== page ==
liberal-left, but one would have hoped for more from the Nation.

FAIR Media Advisory
Bombing "Success" Must Be Weighed Against Human Cost, Missed Chances for

June 4, 1999

Media commentators have been asserting that the Kosovo peace plan adopted
June 3 by the Serbian Assembly vindicates NATO's airstrikes on Yugoslavia.

A New York Times editorial (6/4/99) claimed the plan, if genuine, shows that
NATO's "sustained bombing has been more effective than many critics allowed"
and represents a "victory for the principles of democracy and human rights."

The Washington Post's Stephen Rosenfeld wrote (6/3/99): "They said Bill
Clinton was wrong to rely on air power alone to win the war, and -- assuming
the details are mastered -- they were wrong.... This time around, anyway, he
showed he was right. His weighing of means and ends finally clicked."

USA Today's Walter Shapiro stated (6/4/99): "The record must show that Bill
Clinton did the morally right thing. And if his efforts are crowned with a
lasting peace in the Balkans, the president deserves the gratitude of all of
us who doubted his resolve and courage."

CNN's Christiane Amanpour (6/3/99) said that the "plan amounts to
[Milosevic]  accepting less than he would have come away with had he agreed
several months ago at the Rambouillet talks."

These interpretations are seriously misleading. Seventy days of bombing in
the Balkans have brought an agreement from Yugoslavia whose terms, in many
important respects, diverge little from those Yugoslavia accepted before the
first shot was fired.  To a great extent, an end to the war seems possible
now not because massive bombing forced Yugoslavia to capitulate, but because
the U.S. seems to be willing to drop conditions that it had previously
insisted Belgrade must meet before bombing could be halted.

Indeed, the media notion of Serb capitulation seemed to rely on a cue from
NATO powers, as evidenced by this CNN report from correspondent Walter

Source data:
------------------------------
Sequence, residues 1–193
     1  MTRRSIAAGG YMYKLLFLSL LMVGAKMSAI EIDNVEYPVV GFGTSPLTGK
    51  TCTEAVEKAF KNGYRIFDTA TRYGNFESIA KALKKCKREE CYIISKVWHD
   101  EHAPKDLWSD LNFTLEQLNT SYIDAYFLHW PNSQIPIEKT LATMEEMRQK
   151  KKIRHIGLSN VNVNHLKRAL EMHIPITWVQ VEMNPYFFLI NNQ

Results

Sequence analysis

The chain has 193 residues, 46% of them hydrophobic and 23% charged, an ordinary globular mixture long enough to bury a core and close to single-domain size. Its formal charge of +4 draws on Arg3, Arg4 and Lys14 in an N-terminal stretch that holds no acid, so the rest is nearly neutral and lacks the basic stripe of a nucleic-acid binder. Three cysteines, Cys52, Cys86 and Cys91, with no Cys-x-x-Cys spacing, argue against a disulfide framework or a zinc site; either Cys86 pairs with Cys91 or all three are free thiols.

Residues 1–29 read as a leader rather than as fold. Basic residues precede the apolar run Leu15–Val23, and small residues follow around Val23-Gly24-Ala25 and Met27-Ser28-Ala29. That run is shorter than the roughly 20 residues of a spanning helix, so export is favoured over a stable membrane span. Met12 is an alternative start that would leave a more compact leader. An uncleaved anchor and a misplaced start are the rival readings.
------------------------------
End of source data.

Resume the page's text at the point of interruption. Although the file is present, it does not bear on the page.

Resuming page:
Rodgers (6/3/99): "It's difficult to say whether it's a capitulation. It
really isn't even up for me to say that, that is something that has to be
decided by someone like the president of the United States, Britain's prime
minister, Mr. Blair."


At Rambouillet, before the bombing began, Yugoslavia had agreed to almost
all the points that are contained in the June 3 Serbian Assembly resolution,
including autonomy for Kosovo.  (See "Forgotten Coverage of Rambouillet
Negotiations: Was a Peaceful Kosovo Solution Rejected by the U.S.?," FAIR
Media Advisory, 5/14/99.)  A major point insisted on by the U.S. at
Rambouillet -- a referendum on Kosovo's independence after three years -- is
now absent from the Serb Assembly decision, without audible complaint from
U.S. officials.

What Yugoslavia rejected at Rambouillet was the idea of a NATO-led force in
Kosovo, proposing instead a U.N. command. It also objected to a last-minute
addition to the agreement known as Appendix B, which would have given NATO
sweeping powers throughout all of Yugoslavia.

There is strong evidence that the U.S. intentionally crafted this document
to provoke a rejection from the Serbs. (See "What Reporters Knew About
Kosovo Talks--But Didn't Tell," FAIR Media Advisory, 6/2/99.)  A State
Department official reportedly told journalists at Rambouillet (Cato
Institute conference, 5/18/99; see also The Nation, 6/14/99): "We